Gasoline, Oil Prices Peak Around the Nation

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The Energy Department releases its latest survey of gasoline prices Monday afternoon. The costs of gasoline and crude oil have set records in the past few weeks. Even if oil prices decline, drivers may not see an immediate savings.


The Energy Department today releases its latest survey of gasoline prices. Last week, gas prices were already hitting record highs, and the price of crude oil used to make gas just keeps climbing.

NPR's Scott Horsley reports.

SCOTT HORSLEY: AAA has been predicting that the average gas price across the country will hit $3.50 a gallon sometime before the Memorial Day weekend. Pump prices were already nearing that figure at the end of last week. Most of the price, more than two and a half dollars a gallon, goes for crude oil, which topped $116 a barrel last week. Taxes add another $.45 cents or so. And the refiner, who converts the crude oil into gasoline, gets only about a quarter.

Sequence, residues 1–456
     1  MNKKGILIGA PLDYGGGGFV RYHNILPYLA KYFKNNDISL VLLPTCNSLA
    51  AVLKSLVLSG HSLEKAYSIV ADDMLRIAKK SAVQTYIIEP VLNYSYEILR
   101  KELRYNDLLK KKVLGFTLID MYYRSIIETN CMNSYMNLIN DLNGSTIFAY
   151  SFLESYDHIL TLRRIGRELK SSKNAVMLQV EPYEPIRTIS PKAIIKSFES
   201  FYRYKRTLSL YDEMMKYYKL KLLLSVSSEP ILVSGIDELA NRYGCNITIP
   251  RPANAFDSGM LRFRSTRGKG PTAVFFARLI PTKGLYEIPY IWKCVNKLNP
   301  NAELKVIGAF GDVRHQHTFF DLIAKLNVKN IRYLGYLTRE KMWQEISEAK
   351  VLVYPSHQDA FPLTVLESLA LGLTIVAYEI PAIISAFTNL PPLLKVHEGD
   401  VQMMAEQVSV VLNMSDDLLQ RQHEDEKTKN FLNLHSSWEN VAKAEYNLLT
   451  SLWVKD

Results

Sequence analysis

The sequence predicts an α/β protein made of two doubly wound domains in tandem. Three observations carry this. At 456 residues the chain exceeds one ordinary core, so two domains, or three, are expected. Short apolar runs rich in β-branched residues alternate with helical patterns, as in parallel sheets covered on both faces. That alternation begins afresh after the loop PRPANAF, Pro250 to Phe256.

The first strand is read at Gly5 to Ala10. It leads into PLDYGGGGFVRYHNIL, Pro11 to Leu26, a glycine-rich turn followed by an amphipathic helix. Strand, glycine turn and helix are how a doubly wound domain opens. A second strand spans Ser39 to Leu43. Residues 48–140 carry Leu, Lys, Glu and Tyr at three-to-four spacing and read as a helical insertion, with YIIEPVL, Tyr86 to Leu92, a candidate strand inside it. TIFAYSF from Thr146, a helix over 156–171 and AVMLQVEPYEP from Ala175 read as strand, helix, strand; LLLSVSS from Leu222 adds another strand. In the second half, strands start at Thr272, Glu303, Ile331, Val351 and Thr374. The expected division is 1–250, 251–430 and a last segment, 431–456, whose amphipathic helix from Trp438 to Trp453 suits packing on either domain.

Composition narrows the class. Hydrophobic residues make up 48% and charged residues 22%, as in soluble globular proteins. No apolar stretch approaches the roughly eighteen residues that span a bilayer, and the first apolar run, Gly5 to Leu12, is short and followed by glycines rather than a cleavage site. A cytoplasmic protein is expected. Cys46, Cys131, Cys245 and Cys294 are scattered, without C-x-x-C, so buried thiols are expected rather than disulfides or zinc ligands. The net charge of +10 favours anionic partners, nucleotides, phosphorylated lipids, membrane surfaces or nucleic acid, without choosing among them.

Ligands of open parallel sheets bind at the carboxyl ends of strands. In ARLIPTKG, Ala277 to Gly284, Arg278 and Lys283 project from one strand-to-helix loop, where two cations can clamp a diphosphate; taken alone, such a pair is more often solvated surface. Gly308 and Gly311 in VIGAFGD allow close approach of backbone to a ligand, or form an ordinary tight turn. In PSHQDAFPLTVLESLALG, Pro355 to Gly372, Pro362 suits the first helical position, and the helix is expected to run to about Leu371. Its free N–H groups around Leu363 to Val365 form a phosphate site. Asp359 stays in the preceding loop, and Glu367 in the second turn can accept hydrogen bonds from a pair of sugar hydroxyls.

AAA's Jeff Sundstrom says that breakdown suggests refiners profits have been getting squeezed by the sky-high costs of oil, which they aren't able to fully recover at the gas pump.

Mr. JEFF SUNDSTROM (AAA): It really is telling us that at this very high price for crude oil, the industry is actually not passing on as much of the cost as they might otherwise be doing. And once the economy starts to rebound, unfortunately, it could get another kick in the head from gas prices that are even higher than what we're paying now.

HORSLEY: So far this year, Americans have been driving a little less, and that's kept gas prices from climbing even higher. If oil prices do fall back from their current peaks, though, the savings may flow to refiners rather than showing up as lower prices at the gas pump.

Scott Horsley, NPR News.

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